Senator Karen MayneIt’s official. Senator Jon Huntsman, Jr., has appointed Karen Mayne to fill the Senate seat of her late husband Senator Ed Mayne. Her appointment is effective January 1, 2008. President John Valentine will administer the oath January 16, 2008.

Senator Karen Mayne is already hard at work in her Senate district, communicating with constituents and helping them with their needs.

We extend a warm welcome to Karen! We know her. We acknowledge her political experience and her community service. She is the ideal person to continue the endeavors launched by Senator Ed Mayne. She’s off to a great start!

Distinguished Alumni

Patrice ArentFormer Senator Patrice Arent and current Senator Ross Romero (both Democrats) are featured in the “Alumni Spotlight” of the Hinckley Institute of Politics Newsletter (p. 18). The newsletter is published annually, and the Senator Romerorecent edition takes “A Look Back at 2006,” when Patrice Arent was still a senator and Senator Romero was still a representative. Click here to read the “Alumni Spotlight” page in the newsletter or just click here and scroll down to read the profiles of former Senator Arent and current Senator Romero. We’re PROUD of our distinguished caucus members, past and present.


In last Monday’s Tribune, a pamphlet was tucked away in the folds of the newspaper entitled “The Real Salt Lake Stadium.” Here is an excerpt from page 2:

Who supported HB38?

“The new law received broad bi-partisan support from both Democrats and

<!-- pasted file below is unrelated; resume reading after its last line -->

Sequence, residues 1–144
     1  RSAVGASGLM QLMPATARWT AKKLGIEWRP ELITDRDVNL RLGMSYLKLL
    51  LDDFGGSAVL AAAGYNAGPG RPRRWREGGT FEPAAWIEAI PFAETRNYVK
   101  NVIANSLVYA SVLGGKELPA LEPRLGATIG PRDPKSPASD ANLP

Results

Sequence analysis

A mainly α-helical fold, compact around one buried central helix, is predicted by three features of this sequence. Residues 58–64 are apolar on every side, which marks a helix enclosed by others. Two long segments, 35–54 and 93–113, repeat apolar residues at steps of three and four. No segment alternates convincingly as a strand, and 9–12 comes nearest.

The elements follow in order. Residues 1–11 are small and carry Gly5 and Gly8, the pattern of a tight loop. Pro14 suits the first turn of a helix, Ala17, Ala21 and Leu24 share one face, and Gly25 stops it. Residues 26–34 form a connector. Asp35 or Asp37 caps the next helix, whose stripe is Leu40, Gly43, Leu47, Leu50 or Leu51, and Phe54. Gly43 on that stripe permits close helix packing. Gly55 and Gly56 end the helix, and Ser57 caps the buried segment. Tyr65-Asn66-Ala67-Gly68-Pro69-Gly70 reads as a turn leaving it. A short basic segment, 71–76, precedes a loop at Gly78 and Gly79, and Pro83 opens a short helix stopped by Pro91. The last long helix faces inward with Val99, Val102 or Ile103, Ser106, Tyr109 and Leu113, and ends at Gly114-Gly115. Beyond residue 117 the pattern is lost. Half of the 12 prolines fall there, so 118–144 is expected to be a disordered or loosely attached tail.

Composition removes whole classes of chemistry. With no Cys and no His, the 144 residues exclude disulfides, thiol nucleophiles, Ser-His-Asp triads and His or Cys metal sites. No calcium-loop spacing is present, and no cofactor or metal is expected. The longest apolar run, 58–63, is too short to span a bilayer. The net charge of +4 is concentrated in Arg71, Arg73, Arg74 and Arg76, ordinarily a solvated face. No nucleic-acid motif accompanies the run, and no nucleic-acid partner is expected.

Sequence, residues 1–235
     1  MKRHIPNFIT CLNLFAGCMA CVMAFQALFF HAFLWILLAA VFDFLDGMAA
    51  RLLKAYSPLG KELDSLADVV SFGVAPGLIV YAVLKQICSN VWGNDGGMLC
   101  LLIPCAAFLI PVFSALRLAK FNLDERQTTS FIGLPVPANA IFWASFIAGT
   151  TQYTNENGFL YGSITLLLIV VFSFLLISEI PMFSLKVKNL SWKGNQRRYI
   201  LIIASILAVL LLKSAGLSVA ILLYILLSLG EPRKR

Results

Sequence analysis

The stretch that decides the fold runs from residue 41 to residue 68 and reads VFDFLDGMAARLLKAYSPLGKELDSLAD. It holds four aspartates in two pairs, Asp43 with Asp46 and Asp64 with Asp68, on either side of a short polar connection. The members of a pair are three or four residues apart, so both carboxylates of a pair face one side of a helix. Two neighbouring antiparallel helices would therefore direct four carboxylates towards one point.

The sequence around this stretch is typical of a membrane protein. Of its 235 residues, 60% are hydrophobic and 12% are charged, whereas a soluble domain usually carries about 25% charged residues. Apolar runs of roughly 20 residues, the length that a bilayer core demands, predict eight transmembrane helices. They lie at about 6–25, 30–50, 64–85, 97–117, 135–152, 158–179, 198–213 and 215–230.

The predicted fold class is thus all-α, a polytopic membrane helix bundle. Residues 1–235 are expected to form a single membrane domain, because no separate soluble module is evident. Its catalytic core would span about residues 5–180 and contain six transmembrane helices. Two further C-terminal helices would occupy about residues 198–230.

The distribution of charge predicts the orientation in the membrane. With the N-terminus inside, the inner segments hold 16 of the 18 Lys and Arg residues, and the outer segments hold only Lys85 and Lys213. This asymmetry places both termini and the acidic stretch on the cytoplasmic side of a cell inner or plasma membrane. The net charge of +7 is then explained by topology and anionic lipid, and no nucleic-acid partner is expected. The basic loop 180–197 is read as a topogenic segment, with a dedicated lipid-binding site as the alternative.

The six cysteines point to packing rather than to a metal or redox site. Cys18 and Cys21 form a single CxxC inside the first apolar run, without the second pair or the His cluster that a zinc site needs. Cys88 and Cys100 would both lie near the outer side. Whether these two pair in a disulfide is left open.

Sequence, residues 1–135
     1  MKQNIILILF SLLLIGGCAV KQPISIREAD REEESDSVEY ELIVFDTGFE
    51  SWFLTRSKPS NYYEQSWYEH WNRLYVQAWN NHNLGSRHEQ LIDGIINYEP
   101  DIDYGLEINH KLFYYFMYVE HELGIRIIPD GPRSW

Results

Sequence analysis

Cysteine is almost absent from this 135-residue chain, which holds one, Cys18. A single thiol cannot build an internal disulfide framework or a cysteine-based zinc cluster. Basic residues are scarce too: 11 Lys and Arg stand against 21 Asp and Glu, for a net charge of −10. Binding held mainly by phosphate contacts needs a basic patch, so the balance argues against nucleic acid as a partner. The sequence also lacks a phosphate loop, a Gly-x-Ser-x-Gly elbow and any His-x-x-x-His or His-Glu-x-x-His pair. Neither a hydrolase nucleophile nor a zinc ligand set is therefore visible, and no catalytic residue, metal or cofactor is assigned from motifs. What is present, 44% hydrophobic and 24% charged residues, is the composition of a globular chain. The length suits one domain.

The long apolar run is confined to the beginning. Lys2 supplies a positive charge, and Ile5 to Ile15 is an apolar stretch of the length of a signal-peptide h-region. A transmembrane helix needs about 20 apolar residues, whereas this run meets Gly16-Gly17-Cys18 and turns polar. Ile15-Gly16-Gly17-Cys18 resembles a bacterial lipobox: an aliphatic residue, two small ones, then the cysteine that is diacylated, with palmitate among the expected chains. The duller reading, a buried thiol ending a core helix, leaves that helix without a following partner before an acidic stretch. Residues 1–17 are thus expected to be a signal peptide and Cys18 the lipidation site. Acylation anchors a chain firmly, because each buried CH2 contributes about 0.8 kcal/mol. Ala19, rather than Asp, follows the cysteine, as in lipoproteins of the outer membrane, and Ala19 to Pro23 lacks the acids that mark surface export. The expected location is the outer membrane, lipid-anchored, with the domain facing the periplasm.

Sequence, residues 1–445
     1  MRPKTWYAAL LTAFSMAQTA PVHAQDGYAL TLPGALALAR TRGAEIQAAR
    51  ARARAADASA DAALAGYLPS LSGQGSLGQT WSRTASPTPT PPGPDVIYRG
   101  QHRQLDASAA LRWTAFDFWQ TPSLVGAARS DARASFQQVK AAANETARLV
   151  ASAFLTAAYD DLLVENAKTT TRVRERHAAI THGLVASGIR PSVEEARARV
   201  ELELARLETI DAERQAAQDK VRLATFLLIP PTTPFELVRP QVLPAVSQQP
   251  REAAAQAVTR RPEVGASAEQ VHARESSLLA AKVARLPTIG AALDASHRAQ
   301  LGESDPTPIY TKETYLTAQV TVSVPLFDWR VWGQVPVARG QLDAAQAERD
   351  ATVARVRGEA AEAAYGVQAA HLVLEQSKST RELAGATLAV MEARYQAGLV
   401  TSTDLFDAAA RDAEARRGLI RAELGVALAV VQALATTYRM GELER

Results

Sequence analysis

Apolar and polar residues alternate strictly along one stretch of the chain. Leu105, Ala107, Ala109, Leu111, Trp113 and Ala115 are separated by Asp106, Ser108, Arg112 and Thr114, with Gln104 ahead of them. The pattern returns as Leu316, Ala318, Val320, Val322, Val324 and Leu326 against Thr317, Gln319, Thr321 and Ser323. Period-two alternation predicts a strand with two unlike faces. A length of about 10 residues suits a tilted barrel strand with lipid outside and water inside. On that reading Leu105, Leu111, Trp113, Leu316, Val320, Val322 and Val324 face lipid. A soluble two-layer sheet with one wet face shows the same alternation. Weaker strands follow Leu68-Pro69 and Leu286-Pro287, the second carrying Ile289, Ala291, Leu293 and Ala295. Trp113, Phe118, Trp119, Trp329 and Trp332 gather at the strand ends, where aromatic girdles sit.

Republicans, with support from Senate President John Valentine, House
Speaker Greg Curtis, Majority Leader Dave Clark, and Minority Leader
Ralph Becker.”

Noticeably absent from the list of bi-partisan supporters in the pamphlet (and on the ReAL website) is Senate Minority Leader Mike Dmitrich.

Deja vu???

Scarfless & JerseylessAfter the passage of HB38, a pompous news conference was held outside the State Capitol, attended by key players who put the deal together (political players–not soccer players, though they were in attendance, also).

To his credit, Governor Huntsman acknowledged the bi-partisan effort and invited the State’s minority leadership to attend the news conference. Senator Dmitrich even took a turn at the dais.

ReAL owner Dave Checketts and his entourage then presented ReAL scarves and jerseys (with their names on them) to Republican legislators and left the Democrats scarfless and jerseyless.

The issue is not a scarf or a jersey. The issue is that Mr. Checketts failed to acknowledge the vital role of BOTH parties in passing HB38, which appropriated funds for the stadium.

Six Senate Democrats deserve thanks for their aye votes, which were ABSOLUTELY NECESSARY for the stadium ReALity.

Grand Old Elected Official & Sports Official

Sen. Dmitrich at News ConferenceDon’t miss today’s Utah Policy Daily featuring a profile of Utah Senate Minority Leader Mike Dmitrich. He was elected in 1968 to the Utah Legislature at the age of 31 and has served continuously since then, making him Utah’s longest-serving legislator. It is a colorful characterization written by Greg Jarrard entitled “Mike Dmitrich: Grand Old Man of the Legislature,” and also highlights his professional career and his career as a high school basketball and football referee. He and his wife Bo live in Price USA (as he affectionally calls his home) and have three children and three grandchildren.